Democracy had a good run. It really did. It probably lasted longer than many would have predicted. The Founding Fathers set up a pretty good system, and it served us well for a long time. It’s a shame we didn’t follow Thomas Jefferson’s 1789 admonition, found in a letter to James Madison.

“Every constitution, then, and every law, naturally expires at the end of nineteen years. If it be enforced longer, it is an act of force, and not of right.”

If we had, perhaps our democracy would have survived longer, and perhaps a great many more Americans would have, as well. But we didn’t, and now what’s done is done.

In his last trip abroad as President, Barack Obama warned:

“We are going to have to guard against a rise in a crude sort of nationalism, or ethnic identity or tribalism that is built around an us and a them, and I will never apologize for saying that the future of humanity and the future of the world is going to be defined by what we have in common, as opposed to those things that separate us and ultimately lead us into conflict.”

President Obama is far more optimistic than I am. Had he stated that the world should “be defined by what we have in common,” I would agree. But that it will be defined that way? I have zero hope for that.

I was born in 1959. I have seen and heard for myself the ways my fellow Americans have sought to divide us by race and religion as if it was utterly unnatural not to do so. I’ve heard my parents and grandparents speak with disdain about Jews and Asians. And I, myself, have hidden in the closet of atheism, smiling silently while people assume I am Christian. Just the other day, a woman for whom I did some pro bono work told me she tells others that God brought me to her. I smiled, told her she’s a sweetheart, and made no further comment. She is a black woman who gives selflessly of herself to serve her community. Yet I have no confidence she would accept me as I am.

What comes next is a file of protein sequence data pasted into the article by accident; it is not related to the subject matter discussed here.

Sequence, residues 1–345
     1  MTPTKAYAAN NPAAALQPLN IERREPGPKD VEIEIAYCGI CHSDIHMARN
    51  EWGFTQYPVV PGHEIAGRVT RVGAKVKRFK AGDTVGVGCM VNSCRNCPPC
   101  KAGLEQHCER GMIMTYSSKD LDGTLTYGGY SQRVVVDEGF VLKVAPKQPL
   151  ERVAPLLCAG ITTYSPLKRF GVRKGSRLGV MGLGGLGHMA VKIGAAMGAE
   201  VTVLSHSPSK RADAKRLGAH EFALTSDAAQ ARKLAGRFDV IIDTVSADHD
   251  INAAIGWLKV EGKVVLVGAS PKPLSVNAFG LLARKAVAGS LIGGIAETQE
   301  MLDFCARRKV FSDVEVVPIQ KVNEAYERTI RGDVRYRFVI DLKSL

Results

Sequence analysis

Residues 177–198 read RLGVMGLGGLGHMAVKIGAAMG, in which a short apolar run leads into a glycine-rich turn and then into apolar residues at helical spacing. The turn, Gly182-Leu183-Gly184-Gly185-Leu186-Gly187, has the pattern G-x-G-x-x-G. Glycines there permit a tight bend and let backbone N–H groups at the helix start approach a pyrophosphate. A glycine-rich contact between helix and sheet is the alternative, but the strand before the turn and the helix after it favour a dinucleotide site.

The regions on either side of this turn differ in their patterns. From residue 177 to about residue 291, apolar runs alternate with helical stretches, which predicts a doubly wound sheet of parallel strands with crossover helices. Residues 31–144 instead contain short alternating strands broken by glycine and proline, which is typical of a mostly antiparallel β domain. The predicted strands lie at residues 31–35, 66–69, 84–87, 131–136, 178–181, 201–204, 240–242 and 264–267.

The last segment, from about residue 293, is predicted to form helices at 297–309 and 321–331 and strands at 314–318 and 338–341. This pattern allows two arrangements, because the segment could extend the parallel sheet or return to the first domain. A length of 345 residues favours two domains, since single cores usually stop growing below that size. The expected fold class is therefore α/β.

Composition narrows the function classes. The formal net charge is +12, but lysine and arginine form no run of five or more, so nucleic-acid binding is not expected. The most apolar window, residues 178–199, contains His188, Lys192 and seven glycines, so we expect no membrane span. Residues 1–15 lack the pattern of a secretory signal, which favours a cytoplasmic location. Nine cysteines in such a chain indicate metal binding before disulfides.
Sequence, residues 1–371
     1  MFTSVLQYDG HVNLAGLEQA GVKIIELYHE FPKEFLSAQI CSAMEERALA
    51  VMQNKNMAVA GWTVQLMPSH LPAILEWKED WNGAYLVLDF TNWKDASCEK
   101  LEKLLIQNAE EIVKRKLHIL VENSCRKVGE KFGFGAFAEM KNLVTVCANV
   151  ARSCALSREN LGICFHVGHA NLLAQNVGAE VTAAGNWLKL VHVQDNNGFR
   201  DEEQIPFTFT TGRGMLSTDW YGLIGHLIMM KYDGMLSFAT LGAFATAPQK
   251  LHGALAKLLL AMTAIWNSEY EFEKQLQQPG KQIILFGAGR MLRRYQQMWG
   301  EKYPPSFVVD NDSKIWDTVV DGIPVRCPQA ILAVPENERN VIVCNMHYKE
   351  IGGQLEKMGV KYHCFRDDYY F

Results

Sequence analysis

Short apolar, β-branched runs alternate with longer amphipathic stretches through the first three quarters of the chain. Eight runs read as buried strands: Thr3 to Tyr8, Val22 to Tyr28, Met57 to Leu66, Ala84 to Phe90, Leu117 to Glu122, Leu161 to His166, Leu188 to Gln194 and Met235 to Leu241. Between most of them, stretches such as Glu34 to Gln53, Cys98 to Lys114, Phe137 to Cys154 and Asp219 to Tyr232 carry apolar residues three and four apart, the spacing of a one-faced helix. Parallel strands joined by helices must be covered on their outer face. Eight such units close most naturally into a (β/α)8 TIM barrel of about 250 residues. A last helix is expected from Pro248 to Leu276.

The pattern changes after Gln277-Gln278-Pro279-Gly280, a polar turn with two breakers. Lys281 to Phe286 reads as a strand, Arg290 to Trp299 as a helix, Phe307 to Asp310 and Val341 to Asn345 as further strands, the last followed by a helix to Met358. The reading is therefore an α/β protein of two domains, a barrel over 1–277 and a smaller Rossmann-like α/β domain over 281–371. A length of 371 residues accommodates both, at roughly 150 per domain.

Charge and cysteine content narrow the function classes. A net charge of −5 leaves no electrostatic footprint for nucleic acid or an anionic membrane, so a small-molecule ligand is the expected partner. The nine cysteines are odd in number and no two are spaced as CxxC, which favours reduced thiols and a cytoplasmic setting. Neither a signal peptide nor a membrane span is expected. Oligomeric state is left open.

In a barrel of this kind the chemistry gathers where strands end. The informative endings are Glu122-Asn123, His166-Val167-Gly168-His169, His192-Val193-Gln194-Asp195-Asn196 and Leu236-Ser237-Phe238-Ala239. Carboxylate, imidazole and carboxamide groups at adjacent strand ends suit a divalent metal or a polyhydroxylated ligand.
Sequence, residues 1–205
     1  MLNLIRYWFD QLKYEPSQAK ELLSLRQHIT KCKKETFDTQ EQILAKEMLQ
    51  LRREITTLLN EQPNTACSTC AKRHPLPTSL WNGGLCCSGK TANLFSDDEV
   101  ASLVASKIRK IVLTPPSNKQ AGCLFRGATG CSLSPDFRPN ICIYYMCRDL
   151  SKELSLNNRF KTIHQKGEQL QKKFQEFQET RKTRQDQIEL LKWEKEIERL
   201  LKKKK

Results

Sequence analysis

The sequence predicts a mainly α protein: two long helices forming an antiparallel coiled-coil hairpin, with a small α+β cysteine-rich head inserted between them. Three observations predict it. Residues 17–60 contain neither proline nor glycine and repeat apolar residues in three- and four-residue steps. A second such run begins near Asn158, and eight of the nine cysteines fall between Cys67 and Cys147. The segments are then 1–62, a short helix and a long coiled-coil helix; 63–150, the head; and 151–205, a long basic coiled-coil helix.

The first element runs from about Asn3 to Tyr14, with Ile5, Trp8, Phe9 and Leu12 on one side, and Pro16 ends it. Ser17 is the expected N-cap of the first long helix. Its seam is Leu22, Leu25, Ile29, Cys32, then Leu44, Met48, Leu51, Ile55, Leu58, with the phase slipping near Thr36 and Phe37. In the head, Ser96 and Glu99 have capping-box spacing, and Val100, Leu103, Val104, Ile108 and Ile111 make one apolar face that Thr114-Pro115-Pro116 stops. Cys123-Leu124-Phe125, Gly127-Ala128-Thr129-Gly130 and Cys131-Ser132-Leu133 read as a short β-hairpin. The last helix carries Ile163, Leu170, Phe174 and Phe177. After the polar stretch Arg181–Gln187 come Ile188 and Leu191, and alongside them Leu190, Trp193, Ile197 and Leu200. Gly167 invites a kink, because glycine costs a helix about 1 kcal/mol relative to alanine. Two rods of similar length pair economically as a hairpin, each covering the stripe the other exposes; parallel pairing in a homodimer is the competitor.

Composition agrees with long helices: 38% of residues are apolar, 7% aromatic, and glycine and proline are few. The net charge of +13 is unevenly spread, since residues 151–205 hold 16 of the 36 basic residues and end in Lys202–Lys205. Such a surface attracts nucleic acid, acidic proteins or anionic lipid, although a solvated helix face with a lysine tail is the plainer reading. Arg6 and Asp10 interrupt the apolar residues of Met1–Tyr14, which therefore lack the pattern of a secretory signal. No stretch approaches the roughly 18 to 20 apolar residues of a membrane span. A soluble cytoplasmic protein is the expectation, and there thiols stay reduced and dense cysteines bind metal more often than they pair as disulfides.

Only in the year 2015 did it become legal for two human beings to marry each other, without regard to whether they came equipped with the proper plumbing. Less than 50 years before that, it was illegal in many states for two human beings to marry each other unless they came equipped with the proper skin pigmentation.

Do not kid yourself that those who would turn back the clock and restore these types of divisions do not feel emboldened by the election of Donald Trump. A friend recently recounted the story of an employee he had to fire because the employee drew a swastika on his cup and told his black coworkers, “There ain’t nothin’ you can do about it, cause Trump is president now.”

On Facebook today, there was live video coverage of the march of a group of women to Trump Tower to protest the president-elect. The comments ranged from remarks about their appearance to suggestions that they should be at work to questioning the choice of language that appeared on their signs. Translation: They aren’t attractive enough, hard-working enough, or ladylike enough to be validated in their concerns. All cues taken from Trump himself. He has made no secret of the lines along which he divides women.

This country is poised to descend into a hell the likes of which most of us could never have imagined would ever happen to our beautiful and unique country. Indeed, Trump’s fondest wish was to make America hate again, and his wish is coming true.

Democracy had a good run.